A promise made more than a half century ago to restore public fishing access in the Upper Gunnison Basin appears to remain unfulfilled. Now, local leaders are counting on federal legislation to memorialize that promise and bring it to fruition.
The pledge by the federal Bureau of Reclamation (BOR) involves 26 miles of river easements in exchange for the flooding of Blue Mesa Reservoir in the mid-1960s. To date, it is estimated about half of those easements have been acquired, leaving Gunnison County leaders seeking the remaining miles.
Two recent federal legislative proposals would formally designate boundaries for Curecanti National Recreation Area, which emcompasses Blue Mesa. However only one of them — a bill introduced by Sen. Michael Bennet — specifically calls for action on the unfulfilled commitment.
The second — a “discussion draft” of a bill proposed by Congressman Scott Tipton — includes no mention of the river easements. At least not yet.
Mitigation for inundation
The Colorado River Storage Project Act (CRSPA) of 1956 authorized the construction of four water storage projects in the Upper Colorado River Basin states of Colorado, Utah, New Mexico and Arizona.
The Wayne N. Aspinall Unit — consisting of the Blue Mesa, Crystal and Morrow Point dams — was a product of the act, with construction taking place in the mid 1960s. CRSPA included language in Section 8 of the act which authorized mitigation of wildlife impacts due to the construction of the reservoirs.
With the construction of the Aspinall Unit, an estimated 6,000 acres of big-game winter range, 40 miles of the Gunnison River and 26 miles of Gunnison River tributaries were lost to what is known as inundation — or the flooding of the area.
“(Several agencies) recommended against it,” said Upper Gunnison River Water Conservancy District attorney John McClow of the Aspinall Unit. “In spite of it, Congress went ahead and authorized it because a report indicated it was sufficiently feasible financially.”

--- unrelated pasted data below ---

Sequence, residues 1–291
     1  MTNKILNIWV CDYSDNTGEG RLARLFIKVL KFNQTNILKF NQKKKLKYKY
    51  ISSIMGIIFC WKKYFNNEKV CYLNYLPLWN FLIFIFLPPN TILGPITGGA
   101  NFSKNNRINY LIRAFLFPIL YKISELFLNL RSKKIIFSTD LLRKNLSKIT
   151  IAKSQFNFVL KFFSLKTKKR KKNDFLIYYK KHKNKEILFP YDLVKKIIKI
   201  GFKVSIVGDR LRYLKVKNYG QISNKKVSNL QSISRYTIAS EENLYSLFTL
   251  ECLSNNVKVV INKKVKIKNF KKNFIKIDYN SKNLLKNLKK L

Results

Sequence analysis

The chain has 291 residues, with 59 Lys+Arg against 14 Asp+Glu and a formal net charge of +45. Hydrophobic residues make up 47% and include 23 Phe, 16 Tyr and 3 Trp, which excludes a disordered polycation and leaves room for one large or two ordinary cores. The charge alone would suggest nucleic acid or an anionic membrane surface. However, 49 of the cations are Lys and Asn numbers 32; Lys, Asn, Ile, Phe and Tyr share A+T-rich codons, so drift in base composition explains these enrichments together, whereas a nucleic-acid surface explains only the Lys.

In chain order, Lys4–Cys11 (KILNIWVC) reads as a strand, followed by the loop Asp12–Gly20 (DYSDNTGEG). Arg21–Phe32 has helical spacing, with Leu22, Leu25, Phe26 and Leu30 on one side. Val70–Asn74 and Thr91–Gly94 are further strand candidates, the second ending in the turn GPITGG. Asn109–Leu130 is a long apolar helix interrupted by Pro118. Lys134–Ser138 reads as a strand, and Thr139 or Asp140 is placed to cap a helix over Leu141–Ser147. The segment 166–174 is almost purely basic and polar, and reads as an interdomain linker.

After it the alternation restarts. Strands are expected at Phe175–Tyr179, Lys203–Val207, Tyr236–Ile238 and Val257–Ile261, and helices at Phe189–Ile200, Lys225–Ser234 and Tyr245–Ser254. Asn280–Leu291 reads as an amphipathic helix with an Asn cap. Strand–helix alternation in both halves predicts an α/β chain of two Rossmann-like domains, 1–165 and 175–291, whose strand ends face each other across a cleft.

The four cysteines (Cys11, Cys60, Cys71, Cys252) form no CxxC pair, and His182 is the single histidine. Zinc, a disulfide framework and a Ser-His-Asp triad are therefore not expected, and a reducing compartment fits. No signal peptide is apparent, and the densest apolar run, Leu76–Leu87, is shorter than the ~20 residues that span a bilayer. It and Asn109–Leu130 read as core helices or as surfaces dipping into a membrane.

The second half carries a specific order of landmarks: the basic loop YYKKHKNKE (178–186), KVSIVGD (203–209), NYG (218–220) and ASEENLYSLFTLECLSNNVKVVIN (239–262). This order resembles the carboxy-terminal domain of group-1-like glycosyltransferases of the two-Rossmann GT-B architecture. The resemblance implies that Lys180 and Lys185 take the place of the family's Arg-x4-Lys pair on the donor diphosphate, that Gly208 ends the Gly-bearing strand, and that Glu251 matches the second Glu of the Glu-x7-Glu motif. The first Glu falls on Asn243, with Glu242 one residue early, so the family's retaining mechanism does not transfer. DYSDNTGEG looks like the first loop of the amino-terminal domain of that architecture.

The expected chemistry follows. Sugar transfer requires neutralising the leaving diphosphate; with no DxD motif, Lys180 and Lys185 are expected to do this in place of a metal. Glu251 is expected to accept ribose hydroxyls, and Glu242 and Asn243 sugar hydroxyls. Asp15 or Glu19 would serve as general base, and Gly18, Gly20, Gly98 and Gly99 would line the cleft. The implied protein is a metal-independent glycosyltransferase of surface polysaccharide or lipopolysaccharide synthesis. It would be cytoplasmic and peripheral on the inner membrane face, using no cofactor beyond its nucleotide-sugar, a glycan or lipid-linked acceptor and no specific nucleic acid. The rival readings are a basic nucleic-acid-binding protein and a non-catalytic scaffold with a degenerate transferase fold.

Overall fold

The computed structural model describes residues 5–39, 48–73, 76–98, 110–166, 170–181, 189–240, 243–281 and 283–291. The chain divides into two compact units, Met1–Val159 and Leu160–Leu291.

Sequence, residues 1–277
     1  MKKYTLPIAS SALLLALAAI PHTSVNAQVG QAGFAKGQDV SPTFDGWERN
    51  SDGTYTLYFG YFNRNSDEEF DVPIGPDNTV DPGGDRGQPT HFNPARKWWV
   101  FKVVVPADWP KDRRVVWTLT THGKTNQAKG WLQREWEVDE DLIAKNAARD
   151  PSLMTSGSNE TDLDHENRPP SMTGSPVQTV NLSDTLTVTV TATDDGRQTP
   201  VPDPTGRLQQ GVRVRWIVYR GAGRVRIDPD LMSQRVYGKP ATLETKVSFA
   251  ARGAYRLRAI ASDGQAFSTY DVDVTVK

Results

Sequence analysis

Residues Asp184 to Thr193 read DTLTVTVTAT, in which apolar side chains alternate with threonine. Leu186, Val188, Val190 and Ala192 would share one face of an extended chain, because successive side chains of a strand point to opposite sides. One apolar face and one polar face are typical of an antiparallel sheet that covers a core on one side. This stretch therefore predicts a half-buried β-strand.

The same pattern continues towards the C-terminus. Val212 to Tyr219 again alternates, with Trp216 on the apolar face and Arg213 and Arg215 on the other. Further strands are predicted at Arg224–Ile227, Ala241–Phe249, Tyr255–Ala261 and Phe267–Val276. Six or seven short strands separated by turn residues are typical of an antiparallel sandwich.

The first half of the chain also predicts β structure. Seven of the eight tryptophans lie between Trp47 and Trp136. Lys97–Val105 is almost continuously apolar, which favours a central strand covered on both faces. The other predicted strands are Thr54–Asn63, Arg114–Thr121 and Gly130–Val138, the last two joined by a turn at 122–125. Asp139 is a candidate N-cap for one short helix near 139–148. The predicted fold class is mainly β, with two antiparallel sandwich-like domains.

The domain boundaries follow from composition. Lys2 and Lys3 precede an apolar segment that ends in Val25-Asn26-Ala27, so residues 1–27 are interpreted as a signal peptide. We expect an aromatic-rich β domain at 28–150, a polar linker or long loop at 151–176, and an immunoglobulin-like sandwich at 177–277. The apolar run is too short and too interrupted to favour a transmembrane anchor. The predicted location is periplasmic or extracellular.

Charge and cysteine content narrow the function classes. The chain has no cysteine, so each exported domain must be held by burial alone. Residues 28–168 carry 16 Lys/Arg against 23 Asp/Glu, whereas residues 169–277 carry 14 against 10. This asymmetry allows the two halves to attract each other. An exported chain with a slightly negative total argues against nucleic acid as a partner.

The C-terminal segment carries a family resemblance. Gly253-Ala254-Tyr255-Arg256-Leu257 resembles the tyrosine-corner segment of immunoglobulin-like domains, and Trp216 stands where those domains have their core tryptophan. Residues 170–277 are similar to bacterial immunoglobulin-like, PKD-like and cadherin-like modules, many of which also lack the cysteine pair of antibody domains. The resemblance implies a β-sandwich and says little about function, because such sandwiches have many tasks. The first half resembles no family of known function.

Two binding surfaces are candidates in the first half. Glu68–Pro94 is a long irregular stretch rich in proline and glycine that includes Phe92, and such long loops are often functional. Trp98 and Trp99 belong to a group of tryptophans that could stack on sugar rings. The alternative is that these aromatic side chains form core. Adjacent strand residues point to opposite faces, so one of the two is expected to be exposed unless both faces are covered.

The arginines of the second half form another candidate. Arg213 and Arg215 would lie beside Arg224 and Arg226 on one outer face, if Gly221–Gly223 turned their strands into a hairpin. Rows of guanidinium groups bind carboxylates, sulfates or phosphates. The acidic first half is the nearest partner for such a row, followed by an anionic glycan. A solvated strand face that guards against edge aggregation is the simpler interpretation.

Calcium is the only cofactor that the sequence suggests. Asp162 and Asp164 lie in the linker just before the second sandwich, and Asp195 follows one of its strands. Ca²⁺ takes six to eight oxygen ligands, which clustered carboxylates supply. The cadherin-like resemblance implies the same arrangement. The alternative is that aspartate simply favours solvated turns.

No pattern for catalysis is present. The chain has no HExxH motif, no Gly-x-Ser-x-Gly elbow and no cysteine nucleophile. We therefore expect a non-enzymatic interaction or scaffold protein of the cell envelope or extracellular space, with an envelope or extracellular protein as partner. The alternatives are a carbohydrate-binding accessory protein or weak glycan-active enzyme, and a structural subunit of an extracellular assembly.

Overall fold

The commitment for acquiring easements was never formally documented, McClow said, but a paper trail of memos between the Bureau of Reclamation and other agencies — both federal and state — indicates it was indeed sought.
“There’s repeated reference made in correspondence, so clearly there was a promise made by someone in the federal government,” said McClow. “I, and the Bureau of Reclamation, have been unable to track down any formal grant, promise or commitment.”
A 1986 letter from Colorado Division of Wildlife Director James Ruch to BOR Regional Director Clifford Barrett indicates the debate continued over the course of decades following Aspinall’s construction. Ruch noted that a lack of funding had created a backlog of mitigation projects and a plan should be developed to provide a steady reduction of the BOR’s commitments.
Still, little was done to chip away at the backlog.
With the advent of new recreation projects such as the Shady Island River Park north of Gunnison, County Commissioners have pushed to memorialize the remaining easement miles — and be compensated for projects which fulfill the BOR’s obligation.
Shady Island would return some of those miles to public fishing access.
In recent years, Commissioner John Messner began to inquire about the number of unfulfilled miles, as well as the county receiving monetary compensation for the planned Shady Island project. He said he was told by a BOR spokesman that the agency believed it had already fulfilled its pledge.